Tokyo Area Guide: Beaches near Tokyo 東京の近くのビーチ
One thing that Tokyoites like to do is visit the beach, usually as a day trip or on a weekend getaway. Surprisingly there are a large number of beaches within easy reach of Tokyo, with it only taking about an hour or so to get onto a beautiful, white sanded beach. Beaches near Tokyo can be easily reached by public transportation, such as the shinkansen, or by hire car.
Enoshima is also nearby to Kamakura, so many people like to combine the two into a weekend or day trip. Just like Odaiba in Tokyo, Enoshima has become a hip place for youngsters to hang out, but there is plenty to do for visitors of all ages.
The main reason to come is of course for the beaches, which line the east and west of the island. There are also beaches on the mainland near the approach to Enoshima, and a few of these are patrolled by lifeguards. As a result they are very popular with swimmers and surfers, so be sure to get here early before the crowds if coming at the weekend or on public holidays. Most beaches on Enoshima have rental facilities for things such as deck chairs and parasols.
Enoshima Shrine, in the center of the island, is a well known shrine in Kanto. What makes it stand out is a naked statue of Benzaiten, the goddess of music and entertainment, which is a rare sight. Enoshima Aquarium is also another great destination, especially for the kids. It's a large, modern aquarium which displays life found in the surrounding sea. There are regular shows, such as dolphin and seal shows.
For those that want a bit of history as well the Samuel Cocking Garden is worth a visit. Named after a British merchant who bought much of the island after the Meiji Restoration, the area features a stunning botanical garden. It is open from 9am to 8pm and located near Enoshima Shrine.
Access To Enoshima
You can access Enoshima by arriving at three different stations. These are Katase-Enoshima Terminus on the Odakyu Enoshima Line, Enoshima Station on the Enoshima Electric Railway, and Shonan-Enoshima Station on the Shonan Monorail. To get here from Tokyo, it's easiest to take the Odakyu Line from Shinjuku Station (around 70 minutes. Transfers may be required to reach Katase-Enoshima.
Zushi, close by to Enoshima, is another great day trip from Tokyo. It is the closest natural beach to Tokyo and is therefore usually done as a one day trip.
Zushi has some temples and a similar feel to Kamakura, but is a lot quieter. The beaches are also less crowded than in Enoshima, with a rather old-school, retro feel. This certainly isn't the Gold Coast, but it's a great place to get out the deck chair and enjoy the view.
Zushi Beach is a short, well sign posted walk from the Zushi train stations. At a couple of kilometers there will usually be a good spot to settle down, and during the summer it is patrolled for swimmers. What makes Zushi Beach extra special is that on very clear days sunbathers are able to see Mount Fuji in the distance. Head to the southern end for the best view. Compared to others nearby Zushi Beach is also quite a clean beach.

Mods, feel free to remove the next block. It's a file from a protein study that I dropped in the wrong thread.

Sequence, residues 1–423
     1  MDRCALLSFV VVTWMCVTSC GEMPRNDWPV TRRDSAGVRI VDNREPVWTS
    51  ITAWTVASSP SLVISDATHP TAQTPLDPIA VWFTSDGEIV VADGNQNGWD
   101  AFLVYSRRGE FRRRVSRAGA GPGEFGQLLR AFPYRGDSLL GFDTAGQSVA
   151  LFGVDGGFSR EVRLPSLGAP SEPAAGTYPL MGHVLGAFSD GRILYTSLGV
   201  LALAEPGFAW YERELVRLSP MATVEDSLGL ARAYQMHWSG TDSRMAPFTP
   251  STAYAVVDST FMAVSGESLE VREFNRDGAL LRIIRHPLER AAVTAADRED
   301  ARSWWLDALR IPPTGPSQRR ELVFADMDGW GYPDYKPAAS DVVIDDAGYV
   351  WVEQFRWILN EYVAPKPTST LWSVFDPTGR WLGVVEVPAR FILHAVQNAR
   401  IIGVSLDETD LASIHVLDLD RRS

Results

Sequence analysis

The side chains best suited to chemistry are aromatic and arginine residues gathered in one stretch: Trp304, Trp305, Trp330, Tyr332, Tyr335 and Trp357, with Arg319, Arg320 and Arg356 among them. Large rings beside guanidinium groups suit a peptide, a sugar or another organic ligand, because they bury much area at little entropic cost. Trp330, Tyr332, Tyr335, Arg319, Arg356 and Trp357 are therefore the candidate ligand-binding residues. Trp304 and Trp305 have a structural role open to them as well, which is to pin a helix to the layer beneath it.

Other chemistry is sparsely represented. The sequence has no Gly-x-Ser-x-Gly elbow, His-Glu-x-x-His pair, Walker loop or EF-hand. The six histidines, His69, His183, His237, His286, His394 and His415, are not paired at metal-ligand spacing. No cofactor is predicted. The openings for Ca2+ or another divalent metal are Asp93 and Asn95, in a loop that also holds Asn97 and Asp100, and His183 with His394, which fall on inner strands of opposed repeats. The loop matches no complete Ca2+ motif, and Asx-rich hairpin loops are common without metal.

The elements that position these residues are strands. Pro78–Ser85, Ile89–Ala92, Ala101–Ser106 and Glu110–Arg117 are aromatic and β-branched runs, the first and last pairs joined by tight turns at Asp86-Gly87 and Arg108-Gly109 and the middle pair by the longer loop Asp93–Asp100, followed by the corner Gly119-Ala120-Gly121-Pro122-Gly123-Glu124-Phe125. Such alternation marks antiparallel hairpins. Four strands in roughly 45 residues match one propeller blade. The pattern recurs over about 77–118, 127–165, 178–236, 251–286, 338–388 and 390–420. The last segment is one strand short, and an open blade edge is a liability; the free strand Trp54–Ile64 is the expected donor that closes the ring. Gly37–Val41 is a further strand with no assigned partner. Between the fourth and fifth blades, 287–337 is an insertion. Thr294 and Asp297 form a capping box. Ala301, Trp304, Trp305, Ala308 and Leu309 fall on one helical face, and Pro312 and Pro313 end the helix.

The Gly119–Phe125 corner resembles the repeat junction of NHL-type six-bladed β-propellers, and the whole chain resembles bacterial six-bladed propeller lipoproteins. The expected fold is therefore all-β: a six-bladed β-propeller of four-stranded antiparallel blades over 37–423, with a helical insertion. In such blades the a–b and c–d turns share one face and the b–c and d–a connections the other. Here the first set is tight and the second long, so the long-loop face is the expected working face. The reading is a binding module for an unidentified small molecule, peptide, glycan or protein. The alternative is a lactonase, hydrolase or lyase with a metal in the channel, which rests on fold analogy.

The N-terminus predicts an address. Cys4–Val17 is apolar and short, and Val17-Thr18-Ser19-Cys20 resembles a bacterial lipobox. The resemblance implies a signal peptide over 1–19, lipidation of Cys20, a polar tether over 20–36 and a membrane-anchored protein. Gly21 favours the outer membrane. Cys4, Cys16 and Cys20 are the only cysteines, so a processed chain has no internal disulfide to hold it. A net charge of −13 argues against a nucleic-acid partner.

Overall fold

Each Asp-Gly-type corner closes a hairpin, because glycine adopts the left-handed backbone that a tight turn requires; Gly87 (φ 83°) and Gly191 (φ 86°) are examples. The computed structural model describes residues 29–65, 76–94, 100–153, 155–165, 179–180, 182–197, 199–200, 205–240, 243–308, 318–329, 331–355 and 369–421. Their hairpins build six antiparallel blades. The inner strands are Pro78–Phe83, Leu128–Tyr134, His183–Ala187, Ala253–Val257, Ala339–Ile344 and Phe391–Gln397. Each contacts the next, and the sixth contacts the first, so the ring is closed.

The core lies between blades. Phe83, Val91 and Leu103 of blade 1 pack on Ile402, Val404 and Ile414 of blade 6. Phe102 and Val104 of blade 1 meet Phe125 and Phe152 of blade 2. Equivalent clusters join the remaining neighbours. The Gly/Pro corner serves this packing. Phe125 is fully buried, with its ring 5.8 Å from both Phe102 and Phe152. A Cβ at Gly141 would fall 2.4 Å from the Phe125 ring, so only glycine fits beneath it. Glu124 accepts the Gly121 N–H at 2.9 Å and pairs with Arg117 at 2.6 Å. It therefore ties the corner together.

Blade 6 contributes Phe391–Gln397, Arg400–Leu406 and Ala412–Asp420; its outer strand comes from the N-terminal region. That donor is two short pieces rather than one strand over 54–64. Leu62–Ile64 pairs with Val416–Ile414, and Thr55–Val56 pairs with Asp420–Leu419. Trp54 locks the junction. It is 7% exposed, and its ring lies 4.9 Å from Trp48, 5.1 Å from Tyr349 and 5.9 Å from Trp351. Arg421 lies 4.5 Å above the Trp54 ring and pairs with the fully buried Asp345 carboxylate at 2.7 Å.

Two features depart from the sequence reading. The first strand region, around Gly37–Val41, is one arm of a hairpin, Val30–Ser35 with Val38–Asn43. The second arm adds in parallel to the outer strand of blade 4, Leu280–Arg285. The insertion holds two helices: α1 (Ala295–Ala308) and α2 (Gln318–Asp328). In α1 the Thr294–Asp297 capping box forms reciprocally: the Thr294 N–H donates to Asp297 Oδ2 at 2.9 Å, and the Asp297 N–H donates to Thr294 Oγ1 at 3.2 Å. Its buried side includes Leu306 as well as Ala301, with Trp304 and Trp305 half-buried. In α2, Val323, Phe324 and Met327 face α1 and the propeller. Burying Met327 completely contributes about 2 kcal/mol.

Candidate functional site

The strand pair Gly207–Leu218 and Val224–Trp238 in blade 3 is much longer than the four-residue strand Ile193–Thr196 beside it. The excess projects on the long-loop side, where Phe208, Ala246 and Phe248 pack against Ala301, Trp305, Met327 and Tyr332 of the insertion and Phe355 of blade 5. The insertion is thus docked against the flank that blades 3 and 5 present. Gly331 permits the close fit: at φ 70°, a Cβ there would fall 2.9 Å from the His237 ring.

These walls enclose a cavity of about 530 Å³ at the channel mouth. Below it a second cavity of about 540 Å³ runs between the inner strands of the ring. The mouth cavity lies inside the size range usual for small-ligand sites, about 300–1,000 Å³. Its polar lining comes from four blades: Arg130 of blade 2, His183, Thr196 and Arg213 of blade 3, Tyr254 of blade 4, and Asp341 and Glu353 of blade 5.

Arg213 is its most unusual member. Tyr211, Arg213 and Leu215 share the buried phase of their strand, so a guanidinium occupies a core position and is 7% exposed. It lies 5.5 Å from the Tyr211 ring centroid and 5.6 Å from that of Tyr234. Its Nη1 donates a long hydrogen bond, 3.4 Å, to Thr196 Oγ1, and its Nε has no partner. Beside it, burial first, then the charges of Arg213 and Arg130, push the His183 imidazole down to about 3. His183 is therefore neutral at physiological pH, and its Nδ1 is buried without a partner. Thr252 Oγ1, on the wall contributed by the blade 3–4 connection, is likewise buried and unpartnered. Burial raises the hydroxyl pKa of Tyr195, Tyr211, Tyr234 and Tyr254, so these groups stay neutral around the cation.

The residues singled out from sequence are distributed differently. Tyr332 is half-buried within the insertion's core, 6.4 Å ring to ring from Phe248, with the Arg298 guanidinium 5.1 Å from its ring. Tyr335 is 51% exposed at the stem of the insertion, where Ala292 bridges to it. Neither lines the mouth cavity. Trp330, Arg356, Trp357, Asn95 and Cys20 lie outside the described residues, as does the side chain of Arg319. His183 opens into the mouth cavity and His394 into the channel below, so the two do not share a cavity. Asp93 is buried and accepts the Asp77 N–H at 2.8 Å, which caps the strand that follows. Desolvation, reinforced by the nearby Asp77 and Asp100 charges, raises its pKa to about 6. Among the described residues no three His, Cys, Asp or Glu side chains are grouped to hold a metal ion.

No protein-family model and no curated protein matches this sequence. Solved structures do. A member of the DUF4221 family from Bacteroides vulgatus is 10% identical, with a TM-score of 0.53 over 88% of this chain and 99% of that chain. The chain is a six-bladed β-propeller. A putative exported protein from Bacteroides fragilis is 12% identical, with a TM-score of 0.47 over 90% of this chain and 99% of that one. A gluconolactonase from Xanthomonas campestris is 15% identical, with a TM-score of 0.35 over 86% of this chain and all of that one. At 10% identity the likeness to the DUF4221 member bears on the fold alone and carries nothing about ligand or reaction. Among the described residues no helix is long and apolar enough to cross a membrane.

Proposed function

The main town of Zushi has some nice cafes and streets to walk around. Hiroyama Park is often recommended by locals as it provides a great view of Mount Fuji, plus has lots of facilities such as a large playground. The park also has a small zoo, with monkeys and other little creatures to view.
Access To Zushi
You can access Zushi using the Yokosuka Line from Tokyo Station or the Shonan-Shinjuku Line from Shinjuku. The journey only takes around 1 hour. It's a short walk to the coast from the station.
Zushi offers a variety of places to stay to suit all budgets including the Japanese inn KKR Zushi Shotei-en right near the beach.
While Onjuku does not have as many attractions as Zushi or Enoshima, it's a much quieter town. Along the way to the beach you will see camels on lampposts and other signage. Eventually you will come across Tsuki No Sabaku, a statue of camel riders. It's a little odd to see this in Japan, but makes for a rather unique, if strange beach experience. The statue is a reference to a song written about this lovely beach.
You won't find as many noisy kids here as on other beaches, so most visitors just come and relax on the beach all day. The beach itself is rather wide, so visitors can easily play a bit of volleyball or football, plus there are a few cafes and small supermarkets nearby.
Access To Onjuku
You can access Onjuku by taking the Keiyo Line train from Tokyo Station. It takes around 90 minutes.
Located at the bottom of the Izu Peninsula, Tatadohama is a small town south of Shimoda with a relaxed vibe. As is to be expected in Kanto, it is easy to get to, safe and offers some very comfortable places to stay and eat.
The beach in Tatadohama offers clear water and almost white sand. This has to be one of the most authentic beach experiences that people can get on a day trip from Tokyo. The back of the beach is lined with stunning forests and surfers and sunbathers are able to get a good view of the mountains lining the peninsula to the north.
Tatadohama is a hot spot for surfers and it seems many come just for this. The beach offers some great waves and is patrolled for safety. The waves are usually good but easy for learners, so come here if you are starting up. There are also great facilities for use, such as showers, huts and more. While it does not offer as many attractions as Zushi or Enoshima, it makes up for it with its few chilled out cafes and bars.
Access To Tatadohama
Tatadohama is best accessed using the Super View Odoriko Limited Express from Tokyo Station to Izukyu-Shimoda Station (2.5 hours). From here you can take a regular bus to Tatadohama Beach.
Matthew is a blogger and writer living in Tokyo, Japan. He writes for Super Cheap Japan, a travel guide dedicated to budget travel in Japan. You can read more of his work at www.supercheapjapan.com